Philippines urged to implement VMS for fisheries protection
Louise Maureen Simeon (The Philippine Star) - July 31, 2019 - 12:00am

MANILA, Philippines — Even after the Recto Bank incident last month, the Philippines seems to have not learned its lesson as it has yet to implement transparency at sea through vessel monitoring system (VMS) to ensure fisheries protection.

International organization Oceana said challenges have yet to be resolved on how the Philippines will be able to implement its fisheries law to deter illegal fishing and protect its territorial waters.

“Other countries have done it but the Philippines is not there yet. The law requires it but the administration has not implemented it,” Oceana president Jim Simon said in a briefing yesterday.

The VMS for all commercial fishing vessels is required under the amended Fisheries Code but has yet to be in place since the law took effect four years ago.

The VMS involves installation of monitoring device that transmits location, speed and tracks in real time, either through satellite or non-satellite-based mechanism in every fishing boat over three gross tons.

“The challenge is how the Philippines will enforce that even if changes have been made in the national legislation. The movement toward VMS is essential as this will make sure illegal fishing is reduced,” Oceana senior advisor and chief scientist Mike Hirshfield said.

Oceana Philippines vice president Gloria Ramos emphasized that while there have been initiatives undertaken by the government, a lot more needs to be done to ensure responsibility and accountability in fishing.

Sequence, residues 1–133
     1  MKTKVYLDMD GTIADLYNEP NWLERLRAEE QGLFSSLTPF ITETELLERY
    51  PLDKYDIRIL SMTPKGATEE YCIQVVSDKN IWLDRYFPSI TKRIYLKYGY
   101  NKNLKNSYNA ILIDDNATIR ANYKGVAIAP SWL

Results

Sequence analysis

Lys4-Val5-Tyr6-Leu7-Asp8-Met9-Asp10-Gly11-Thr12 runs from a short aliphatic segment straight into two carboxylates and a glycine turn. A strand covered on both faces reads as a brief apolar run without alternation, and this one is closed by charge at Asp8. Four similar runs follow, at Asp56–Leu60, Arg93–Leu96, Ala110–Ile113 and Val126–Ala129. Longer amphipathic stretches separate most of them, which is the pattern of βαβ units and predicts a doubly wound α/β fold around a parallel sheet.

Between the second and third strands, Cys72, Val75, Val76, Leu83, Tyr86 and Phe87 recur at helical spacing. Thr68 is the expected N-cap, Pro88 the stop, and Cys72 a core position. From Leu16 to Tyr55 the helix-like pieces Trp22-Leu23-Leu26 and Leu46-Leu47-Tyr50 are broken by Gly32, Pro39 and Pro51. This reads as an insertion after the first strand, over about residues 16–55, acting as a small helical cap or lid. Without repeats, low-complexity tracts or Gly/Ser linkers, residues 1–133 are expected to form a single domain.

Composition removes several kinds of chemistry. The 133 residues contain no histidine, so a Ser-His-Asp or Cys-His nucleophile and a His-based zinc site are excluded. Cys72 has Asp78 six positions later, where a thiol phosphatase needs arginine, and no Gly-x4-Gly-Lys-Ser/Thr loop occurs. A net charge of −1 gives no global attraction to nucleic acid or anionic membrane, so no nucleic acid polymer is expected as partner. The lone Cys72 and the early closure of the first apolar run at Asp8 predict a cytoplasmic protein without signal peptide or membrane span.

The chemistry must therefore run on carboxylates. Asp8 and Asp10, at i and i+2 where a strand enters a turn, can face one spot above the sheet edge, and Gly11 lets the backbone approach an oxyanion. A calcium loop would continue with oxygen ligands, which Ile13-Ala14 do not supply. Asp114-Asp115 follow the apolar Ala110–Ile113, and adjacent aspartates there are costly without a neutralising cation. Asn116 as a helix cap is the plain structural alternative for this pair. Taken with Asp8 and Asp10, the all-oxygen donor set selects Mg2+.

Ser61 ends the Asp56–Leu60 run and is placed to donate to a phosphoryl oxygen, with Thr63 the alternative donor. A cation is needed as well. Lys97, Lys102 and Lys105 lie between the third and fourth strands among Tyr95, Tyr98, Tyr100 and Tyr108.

“There is still the mindset that the law and the fisheries sector can wait, business as usual mindset. They don’t feel that the stocks are actually depleting,” Ramos said.

“There’s a cry for it to be prioritized. But we also lack engagement from the stakeholders. If we don’t push for actions, there will be not much change,” she added.

However, Hirshfield admitted that VMS alone will not be enough to revive the declining fish stocks of the Philippines just like in other countries that implemented the system.

“It is necessary but not sufficient. Other countries did it with other science-based and responsible fisheries management,” he said.

Further, Oceana continues to push for more campaigns in the Philippines by expanding its call to stop commercial fishing in municipal waters like what it did in the Tanon Strait and Visayan Sea. It will next focus on Samar, Bicol, Leyte and Quezon, among others.

“We will also focus on sardines fisheries which is one of the most important fish in the Philippines, as well as in terms of dumping and filling which have been destroying the coastlines,” Simon said.

“We will advocate government policies that will require the reduction of the production of single use plastic especially that the Philippines has been considered one of the greatest sources of plastics in the world,” he added. 

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